Katia Del Rio-Tsonis



244 Pearson Hall

Biographical Information

Katia Del Rio-Tsonis has concentrated her recent research efforts in the understanding of the cellular and molecular events that take place during tissue regeneration, more specifically in the process of retina and lens regeneration. Several animal models are used in her lab including the embryonic chick and amphibians such as newts, axolotls and frogs.

Some adult salamanders have the remarkable ability of regenerating the entire lens and retina after removal. This is achieved by the dedifferentiation of the iris pigment epithelial cells (IPECs) and of the retinal pigmented epithelial cells (RPECs), respectively. These cells lose their pigments and reprogram to either lens cells or retina cells. This transition from one adult cell type to another is unique and involves specific regulation at the gene level. In vivo, this ability for pigmented epithelial cell (PEC) reprogramming and regeneration is restricted to some adult salamanders and several embryonic animals. However, PECs from many other adult animals, including humans, do retain the capacity for reprogramming when isolated and cultured in vitro.

The embryonic chick is one of the preferred models to study retina regeneration, as it is able to regenerate its retina within a very short period, not only by reprogramming of RPECs, but also via the activation of stem/progenitor cells present in the anterior region of the eye.

Using both animal models, the focus is to determine the mechanism of reprogramming and regeneration by dissecting important molecules (transcription factors, injury signals, secreted factors, miRNAs), signaling pathways and epigenetic regulators.

Her lab collaborates with Dr. Mike Robinson’s lab and Justin Saul’s lab, to apply the knowledge obtained on how these animals regenerate their retina, to a novel in vitro human model. This model consists on using engineered human induced pluripotent stem cells (non-embryonic like stem cells) to make RPECs. These cells are responsible for retina regeneration in salamanders. The short-term goal of this research is to be able to generate different human retina cell types from these pigmented cells upon treatment with key molecules. The ultimate goal is to be able to replace lost retina cells in patients that suffer from blinding conditions.

The overall goal is to understand the molecular and cellular mechanisms involved in the process of regeneration from the terminally differentiated PECs or retinal stem cells to the newly formed lens and retina. This will provide important information for the understanding of the development of such tissues, and could provide possible tools for future therapies for the already existing diseases of the eye that affect the lens (cataracts) and the retina (retina degenerative diseases such as Cone-Rod Dystrophy, Best Disease, Stargardt Disease, Diabetic retinopathy, and Age related macular degeneration)

Courses Taught

  • BIO 361W: Patterns in Development (Writing Intensive)
  • BIO 449-549W: Biology of Cancer (Writing Intensive)
  • BIO 491: Senior Seminar
  • BIO 710: Graduate Seminar in Development and Regeneration

Selected Publications

  • Vergara, M.A., Tsissios G and Del Rio-Tsonis, K. Lens regeneration: A historical perspective. Int. J. Dev. Biol. 62(6-7-8):351-36, 2018.
  • Echeverri NP, Haynes T, Landers J, Gemma, M, Woods J, Gemma M, Hughes M and Del Rio-Tsonis, K. The antioxidant NAC induces chick retina regeneration. Dev Biol. 433(2):394-403, 2018.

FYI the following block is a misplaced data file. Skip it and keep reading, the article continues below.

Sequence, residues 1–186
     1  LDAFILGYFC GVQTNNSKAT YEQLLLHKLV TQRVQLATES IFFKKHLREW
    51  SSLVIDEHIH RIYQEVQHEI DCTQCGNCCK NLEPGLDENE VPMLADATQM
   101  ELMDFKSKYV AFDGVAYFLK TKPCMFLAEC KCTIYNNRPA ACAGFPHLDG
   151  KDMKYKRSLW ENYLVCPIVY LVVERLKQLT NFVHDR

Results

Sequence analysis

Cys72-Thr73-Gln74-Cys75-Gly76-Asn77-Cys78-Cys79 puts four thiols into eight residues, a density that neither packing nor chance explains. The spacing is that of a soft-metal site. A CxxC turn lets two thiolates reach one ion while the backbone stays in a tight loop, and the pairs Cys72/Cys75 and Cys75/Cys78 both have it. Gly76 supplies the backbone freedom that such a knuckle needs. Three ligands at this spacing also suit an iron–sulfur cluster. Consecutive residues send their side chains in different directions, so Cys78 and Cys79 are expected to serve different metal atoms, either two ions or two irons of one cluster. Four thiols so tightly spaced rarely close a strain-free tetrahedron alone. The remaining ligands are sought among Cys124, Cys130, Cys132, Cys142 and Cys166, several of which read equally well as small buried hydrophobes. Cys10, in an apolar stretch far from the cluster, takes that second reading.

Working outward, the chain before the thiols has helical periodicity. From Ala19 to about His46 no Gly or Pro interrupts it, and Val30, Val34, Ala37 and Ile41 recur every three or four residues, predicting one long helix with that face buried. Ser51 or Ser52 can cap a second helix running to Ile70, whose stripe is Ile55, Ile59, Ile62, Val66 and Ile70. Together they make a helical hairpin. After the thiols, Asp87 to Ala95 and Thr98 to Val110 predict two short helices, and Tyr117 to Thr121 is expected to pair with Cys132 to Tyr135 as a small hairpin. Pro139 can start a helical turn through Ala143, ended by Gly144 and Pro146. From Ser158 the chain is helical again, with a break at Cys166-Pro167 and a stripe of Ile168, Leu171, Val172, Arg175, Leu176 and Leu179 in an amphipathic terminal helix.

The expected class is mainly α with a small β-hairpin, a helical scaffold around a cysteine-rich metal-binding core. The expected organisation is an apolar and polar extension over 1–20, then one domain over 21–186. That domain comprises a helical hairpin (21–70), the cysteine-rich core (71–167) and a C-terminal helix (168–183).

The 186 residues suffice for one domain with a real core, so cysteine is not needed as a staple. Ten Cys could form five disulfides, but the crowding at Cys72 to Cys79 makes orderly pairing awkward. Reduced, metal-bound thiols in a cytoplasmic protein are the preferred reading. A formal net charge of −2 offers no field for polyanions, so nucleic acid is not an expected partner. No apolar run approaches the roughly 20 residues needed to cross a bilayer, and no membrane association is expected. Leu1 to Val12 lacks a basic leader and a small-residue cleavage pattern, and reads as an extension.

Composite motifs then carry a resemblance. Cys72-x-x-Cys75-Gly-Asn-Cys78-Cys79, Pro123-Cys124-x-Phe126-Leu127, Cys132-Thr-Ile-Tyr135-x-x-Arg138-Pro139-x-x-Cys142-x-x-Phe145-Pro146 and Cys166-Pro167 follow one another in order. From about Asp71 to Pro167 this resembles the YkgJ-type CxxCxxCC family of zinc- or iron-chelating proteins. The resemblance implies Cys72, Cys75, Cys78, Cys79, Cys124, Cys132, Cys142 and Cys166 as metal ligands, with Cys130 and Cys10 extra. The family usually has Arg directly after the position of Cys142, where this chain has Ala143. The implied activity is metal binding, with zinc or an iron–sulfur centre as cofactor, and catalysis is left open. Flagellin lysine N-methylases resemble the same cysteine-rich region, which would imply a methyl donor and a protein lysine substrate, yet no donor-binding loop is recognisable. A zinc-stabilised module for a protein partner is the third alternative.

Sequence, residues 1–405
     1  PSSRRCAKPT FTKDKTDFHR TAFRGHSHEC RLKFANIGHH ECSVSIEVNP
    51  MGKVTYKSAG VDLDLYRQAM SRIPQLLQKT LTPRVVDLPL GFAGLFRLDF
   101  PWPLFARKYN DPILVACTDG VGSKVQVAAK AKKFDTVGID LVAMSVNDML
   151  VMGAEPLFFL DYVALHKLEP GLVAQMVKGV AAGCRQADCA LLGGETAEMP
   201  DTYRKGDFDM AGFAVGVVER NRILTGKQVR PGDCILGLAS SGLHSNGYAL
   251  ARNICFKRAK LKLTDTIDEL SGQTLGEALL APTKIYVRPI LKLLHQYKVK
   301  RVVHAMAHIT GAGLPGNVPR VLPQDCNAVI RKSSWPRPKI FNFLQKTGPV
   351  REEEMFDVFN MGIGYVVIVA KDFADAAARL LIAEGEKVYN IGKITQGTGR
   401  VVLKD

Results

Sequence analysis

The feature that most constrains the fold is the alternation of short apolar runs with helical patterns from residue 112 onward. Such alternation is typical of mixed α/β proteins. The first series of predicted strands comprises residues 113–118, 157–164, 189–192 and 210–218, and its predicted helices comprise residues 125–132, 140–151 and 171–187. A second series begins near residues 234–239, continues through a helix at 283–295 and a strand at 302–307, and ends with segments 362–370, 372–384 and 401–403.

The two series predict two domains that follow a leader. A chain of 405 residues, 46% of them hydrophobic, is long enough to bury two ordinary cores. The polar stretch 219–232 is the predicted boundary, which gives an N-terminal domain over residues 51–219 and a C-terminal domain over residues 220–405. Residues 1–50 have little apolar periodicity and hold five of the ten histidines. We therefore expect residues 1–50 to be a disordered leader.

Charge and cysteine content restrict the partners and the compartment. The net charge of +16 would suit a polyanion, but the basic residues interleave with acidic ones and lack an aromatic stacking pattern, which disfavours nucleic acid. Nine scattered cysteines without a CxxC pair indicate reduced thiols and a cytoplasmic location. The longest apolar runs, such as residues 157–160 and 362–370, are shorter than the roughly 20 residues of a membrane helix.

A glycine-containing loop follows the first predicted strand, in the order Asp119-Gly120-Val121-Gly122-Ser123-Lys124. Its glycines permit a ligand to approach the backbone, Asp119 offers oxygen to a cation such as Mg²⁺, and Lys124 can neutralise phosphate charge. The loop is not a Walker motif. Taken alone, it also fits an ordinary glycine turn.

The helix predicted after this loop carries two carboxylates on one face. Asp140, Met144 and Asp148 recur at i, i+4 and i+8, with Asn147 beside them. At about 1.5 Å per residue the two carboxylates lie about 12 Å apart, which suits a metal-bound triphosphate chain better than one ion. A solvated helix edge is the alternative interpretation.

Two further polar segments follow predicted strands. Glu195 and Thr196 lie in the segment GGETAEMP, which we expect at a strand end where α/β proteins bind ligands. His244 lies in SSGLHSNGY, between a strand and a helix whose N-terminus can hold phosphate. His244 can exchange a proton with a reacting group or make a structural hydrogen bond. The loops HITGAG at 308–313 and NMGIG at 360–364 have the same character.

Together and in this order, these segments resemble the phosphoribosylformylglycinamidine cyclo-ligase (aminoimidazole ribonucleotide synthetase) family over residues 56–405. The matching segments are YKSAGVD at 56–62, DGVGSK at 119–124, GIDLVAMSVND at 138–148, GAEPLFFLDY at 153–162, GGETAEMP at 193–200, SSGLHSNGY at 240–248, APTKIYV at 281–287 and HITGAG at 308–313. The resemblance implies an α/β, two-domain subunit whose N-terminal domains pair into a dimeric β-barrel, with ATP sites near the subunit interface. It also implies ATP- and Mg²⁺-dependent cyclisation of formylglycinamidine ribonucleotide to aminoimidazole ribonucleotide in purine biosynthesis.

• Esquivel Grajales E, Luz-Madrigal Z, Briely J, Haynes T, McKinney Z, Reis E, Han Z, Gutierrez C, Lambris J, Tsekou A, Tsonis PA,  and Del Rio-Tsonis, K. Complement component C3a orchestrates early eye morphogenesis. In Dev. Biol. 428(1):88-100, 2017.
  • Zhu, J, Luz-Madrigal, A, Haynes T, Burke, AK, Zavada, J and Del Rio-Tsonis, K. B-catenin inactivation is a pre-requisite for chick retina regeneration. PLoS One 9(7):e101748, 2014.
  • Luz-Madrigal A, Grajales-Esquivel E, McCorkle A,DiLorenzo AM, Barbosa-Sabanero K, Tsonis PA, Del Rio-Tsonis K. Reprogramming of the chick retinal pigmented epithelium after retinal injury. BMC Biol. 12(1):28, 2014.
  • Haynes T, Luz-Madrigal A, Reis ES, Echeverri Ruiz NP, Grajales-Esquivel E, Tzekou A, Tsonis PA, Lambris JD, Del Rio-Tsonis K. Complement anaphylatoxin C3a is a Potent Inducer of Embryonic Chick Retina Regeneration. Nat Commun. 4: 2312, 2013.
  • Suetsugu-Maki R, Maki N, Nakamura K, Sumanas S, Zhu J, Del Rio-Tsonis K and Tsonis PA. Lens regeneration in axolotl: new evidence of developmental plasticity. BMC Biology 10(1):103, 2012.
  • Tsonis PA, Haynes T, Maki N, Casco-Robles MM, Yamada S, Miura T, Chiba C and Del Rio-Tsonis K. Controlling gene loss of function in newts with emphasis on lens regeneration. Nature Protocols 6(5): 593-9, 2011.
  • Vergara MN and Del Rio-Tsonis K. Retinal regeneration in the Xenopus laevis tadpole: a new model system. Mol. Vis. 15:1000-10013, 2009.
  • Haynes, T, Gutierrez, C, Aycinena, JC, Tsonis, PA and Del Rio-Tsonis, K. BMP signaling mediates stem/progenitor cell induced neural retina regeneration. PNAS 104(51):20380-5, 2007.
  • Spence JR, Madhavan M, Aycinena JC, and Del Rio-Tsonis K. Retina regeneration in the embryonic chick is not induced by spontaneous Mitf downregulation, but requires FGF/FGFR/MEK/ERK dependent upregulation of Pax6. Mol. Vision 13:57-65, 2007.
  • Madhavan M, Haynes, T, Call MK, Frisch, N, Call, MK, Minich CM, Tsonis PA, and Del Rio-Tsonis K. The role of Pax-6 in lens regeneration. PNAS 103(40):14848-53, 2006.
  • Grogg, M.W, Call, K.C, Okamoto, M., Vergara, M.N., Del Rio-Tsonis, K. and Tsonis, P.A. BMP inhibition-driven regulation of six-3 underlies induction of newt lens regeneration. Nature 438(7069):858-862, 2005.
  • Spence, J.R.,Madhavan, M., *Ewing, J.D., Jones, D. K., Lehman, B. M., Del Rio-Tsonis, K. The hedgehog pathway is a modulator of retina regeneration. Development 131(18): 4607-4621, 2004.